If you do ring a bell when overtaking pedestrians, do it early – while still a considerable distance away. Some pedestrians react to a bell by swerving, which can cause them to step into your path. If you’re right on top of the pedestrian, that becomes dangerous for both of you. If you’re twenty feet away, you and they have time for avoidance. This assumes you’re not riding too fast.
I usually don’t ring a bell. There’s usually enough room to pass silently with sufficient space, and at a slow enough speed, that the pedestrian doesn’t feel like they’ve just been buzzed. If there isn’t enough room, or if the pedestrian is walking erratically, then I’ll ring a bell. Or call out.
By the way, the most effective audible warning seems to come from a horn, specifically the cheap trumpet horns with rubber squeeze bulb ends that you see on little kids bikes and bring wielded by clowns. Too bad they look so clunky on a bike.
I don’t know, man… it just seems like common courtesy. I’d much rather hear a little bit of a bell than have someone zoom by me unexpectedly.
Ya I gotta say I’m with this camp of riders. Generally I try to do whatever is safest and I find on busy shared paths like Hawthorne a bell tends to confuse pedestrians and other riders. They react like I’m ringing it to get them to change where they are as opposed to just letting them know I’m passing them. I’m sure it annoys some people that I don’t ring it but there’s far too many people that step in front of me or do something else ridiculous to ring it just for passing.
I’ve always been partial to saying “on your left” it’s self explanatory and quick. Most people reply with a friendly thank you. The reason why cars don’t honk to pass is because they have mirrors for viewing objects around them (if they use the mirrors or not is a different conversation). It’s to the benefit of all parties that you announce your presence before passing. I will gladly say three words to prevent a potential accident.
I agree, bells only work when used a good distance away. But even then, many pedestrians interpret the bell as “get out of my way” instead of “be aware I’m coming up behind you”. I think that may be even more true here in MN, where cyclists get more respect than in Portland, but pedestrians get far less. People on foot are used to being the bottom of the totem pole here, and will obediently get ALL THE WAY off a 12′ bike path if you ding a bell behind them.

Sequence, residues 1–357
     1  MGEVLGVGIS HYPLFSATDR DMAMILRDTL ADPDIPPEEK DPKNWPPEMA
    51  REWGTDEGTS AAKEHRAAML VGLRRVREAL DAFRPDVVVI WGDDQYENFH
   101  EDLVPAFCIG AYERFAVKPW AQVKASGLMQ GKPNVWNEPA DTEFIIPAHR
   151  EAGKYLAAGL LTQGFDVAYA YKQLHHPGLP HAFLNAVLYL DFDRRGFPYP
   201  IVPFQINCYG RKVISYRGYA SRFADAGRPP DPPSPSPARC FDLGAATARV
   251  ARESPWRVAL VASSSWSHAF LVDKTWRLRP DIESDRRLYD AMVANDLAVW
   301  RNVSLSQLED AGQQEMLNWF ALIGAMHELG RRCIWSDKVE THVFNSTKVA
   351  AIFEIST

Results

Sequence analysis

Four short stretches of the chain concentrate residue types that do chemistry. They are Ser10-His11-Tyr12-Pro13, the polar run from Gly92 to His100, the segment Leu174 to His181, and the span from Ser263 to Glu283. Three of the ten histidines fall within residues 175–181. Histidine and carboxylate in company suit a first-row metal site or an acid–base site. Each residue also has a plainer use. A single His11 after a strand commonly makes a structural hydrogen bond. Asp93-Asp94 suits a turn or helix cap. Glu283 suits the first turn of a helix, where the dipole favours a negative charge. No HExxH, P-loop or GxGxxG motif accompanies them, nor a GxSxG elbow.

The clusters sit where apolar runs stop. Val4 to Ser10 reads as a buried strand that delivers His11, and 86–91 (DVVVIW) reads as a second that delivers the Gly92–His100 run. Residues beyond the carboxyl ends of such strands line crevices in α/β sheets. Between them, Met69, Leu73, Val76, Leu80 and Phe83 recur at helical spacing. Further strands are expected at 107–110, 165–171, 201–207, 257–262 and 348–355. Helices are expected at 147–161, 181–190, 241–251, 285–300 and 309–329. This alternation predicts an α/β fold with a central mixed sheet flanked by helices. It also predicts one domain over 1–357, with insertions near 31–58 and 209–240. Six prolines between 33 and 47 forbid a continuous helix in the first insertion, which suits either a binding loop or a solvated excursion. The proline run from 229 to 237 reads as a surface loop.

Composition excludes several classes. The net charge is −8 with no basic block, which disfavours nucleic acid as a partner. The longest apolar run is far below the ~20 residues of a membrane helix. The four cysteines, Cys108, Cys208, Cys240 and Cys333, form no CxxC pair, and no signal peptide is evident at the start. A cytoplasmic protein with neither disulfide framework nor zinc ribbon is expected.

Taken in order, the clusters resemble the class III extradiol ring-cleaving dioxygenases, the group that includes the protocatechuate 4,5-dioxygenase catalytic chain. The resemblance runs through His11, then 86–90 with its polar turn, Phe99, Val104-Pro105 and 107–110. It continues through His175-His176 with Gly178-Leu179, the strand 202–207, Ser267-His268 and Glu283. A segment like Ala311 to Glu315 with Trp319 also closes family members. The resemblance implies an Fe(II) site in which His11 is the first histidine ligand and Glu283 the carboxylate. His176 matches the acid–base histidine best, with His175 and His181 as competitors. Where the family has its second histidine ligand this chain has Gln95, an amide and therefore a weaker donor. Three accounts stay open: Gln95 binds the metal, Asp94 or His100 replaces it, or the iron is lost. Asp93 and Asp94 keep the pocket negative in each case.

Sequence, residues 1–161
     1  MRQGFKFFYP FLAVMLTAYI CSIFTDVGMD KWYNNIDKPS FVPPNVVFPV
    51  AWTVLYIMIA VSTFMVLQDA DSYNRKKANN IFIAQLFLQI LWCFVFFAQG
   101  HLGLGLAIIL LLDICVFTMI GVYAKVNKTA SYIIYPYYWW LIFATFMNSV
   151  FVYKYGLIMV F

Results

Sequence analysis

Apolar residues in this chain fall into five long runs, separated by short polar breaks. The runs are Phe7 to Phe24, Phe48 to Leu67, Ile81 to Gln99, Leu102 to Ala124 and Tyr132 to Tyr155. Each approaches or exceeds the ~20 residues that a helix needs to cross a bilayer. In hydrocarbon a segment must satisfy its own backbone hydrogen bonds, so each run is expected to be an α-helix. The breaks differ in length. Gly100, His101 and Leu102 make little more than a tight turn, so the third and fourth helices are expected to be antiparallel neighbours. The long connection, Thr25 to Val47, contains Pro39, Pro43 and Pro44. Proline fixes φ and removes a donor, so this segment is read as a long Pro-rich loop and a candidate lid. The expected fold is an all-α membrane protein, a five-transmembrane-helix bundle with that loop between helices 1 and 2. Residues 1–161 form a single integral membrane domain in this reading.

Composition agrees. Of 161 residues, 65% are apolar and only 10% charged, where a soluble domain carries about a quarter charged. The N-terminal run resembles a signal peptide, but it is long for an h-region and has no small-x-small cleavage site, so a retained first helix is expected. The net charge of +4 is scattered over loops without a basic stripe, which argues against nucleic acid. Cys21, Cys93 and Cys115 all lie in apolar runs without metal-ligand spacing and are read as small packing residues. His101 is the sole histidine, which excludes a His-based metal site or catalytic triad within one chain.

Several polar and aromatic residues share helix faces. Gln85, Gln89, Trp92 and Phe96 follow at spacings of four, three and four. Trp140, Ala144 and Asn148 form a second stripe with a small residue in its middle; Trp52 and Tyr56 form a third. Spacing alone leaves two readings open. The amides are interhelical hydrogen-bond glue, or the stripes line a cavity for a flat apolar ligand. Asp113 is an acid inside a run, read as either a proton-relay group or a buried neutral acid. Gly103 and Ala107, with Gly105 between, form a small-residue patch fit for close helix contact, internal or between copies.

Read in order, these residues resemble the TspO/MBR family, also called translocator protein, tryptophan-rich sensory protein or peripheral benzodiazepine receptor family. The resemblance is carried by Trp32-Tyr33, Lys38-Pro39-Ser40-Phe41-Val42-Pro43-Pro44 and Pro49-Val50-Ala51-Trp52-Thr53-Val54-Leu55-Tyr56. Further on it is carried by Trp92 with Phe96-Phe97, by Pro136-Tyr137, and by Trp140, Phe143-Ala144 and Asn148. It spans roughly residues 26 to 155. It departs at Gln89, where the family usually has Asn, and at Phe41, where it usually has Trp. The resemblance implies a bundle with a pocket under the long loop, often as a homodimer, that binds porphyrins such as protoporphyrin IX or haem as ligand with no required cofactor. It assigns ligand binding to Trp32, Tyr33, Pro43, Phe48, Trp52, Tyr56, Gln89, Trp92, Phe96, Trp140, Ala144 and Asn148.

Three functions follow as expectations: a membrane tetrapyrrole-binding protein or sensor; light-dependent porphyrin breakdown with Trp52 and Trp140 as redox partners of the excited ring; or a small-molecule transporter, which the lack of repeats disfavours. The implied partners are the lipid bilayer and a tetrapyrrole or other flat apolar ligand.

Also, bells tend to be pretty high-pitched, and most people with hearing loss lose the high frequencies first. So no matter how early you ring your bell, many people (especially a lot of older people) won’t hear it until you’re really close, and then get startled when they finally do.
Clearly annunciating “Passing on your left!” seems to work best for me. It tends to startle people less, and tends less to make them act like they need to “get out of my way,” which they don’t. I include the word “passing” because it makes things more clear. Sometimes people only hear the “left” part and move to the left, into the path of the passing cyclist.
Also, I’d concur that my use of any audible warning depends on the context. Here in MN we have hundreds of miles of shared pedestrian/bike paths all across the metro area, so unlike in Portland where it’s just the bridges and the Springwater, we’re maybe a little bit more experienced at sharing space with each other (except for the bell response I described above).
I don’t use my bell often, but if I’m in a noisy environment or if there are several people walking abreast on the path, for example, I will use it. If I’m on a quiet suburban MUP that doesn’t have multiple bikes zipping along every minute, i will use the “passing on your left” method. If I’m on a wide MUP where bike traffic can be heavy and pedestrians are used to being passed, and I can pass without even coming within 5 feet, I may not make an audible warning at all.
At last year’s Sea Otter Classic my colleague and I were appalled at the sexist language used by one of the announcers before the road race. It was demeaning and made us feel very much not part of ‘the club’, even though we both are and should be.
Speaking of passing etiquette, when I’m walking on paths, I appreciate people on bikes who are riding towards me and passing past me who do not blind me with arrays of blinding lights, especially the retina-searing strobes.
I use this: https://tinyurl.com/y9ee2lr4 Makes the pedestrians scatter, and clears the path, every time.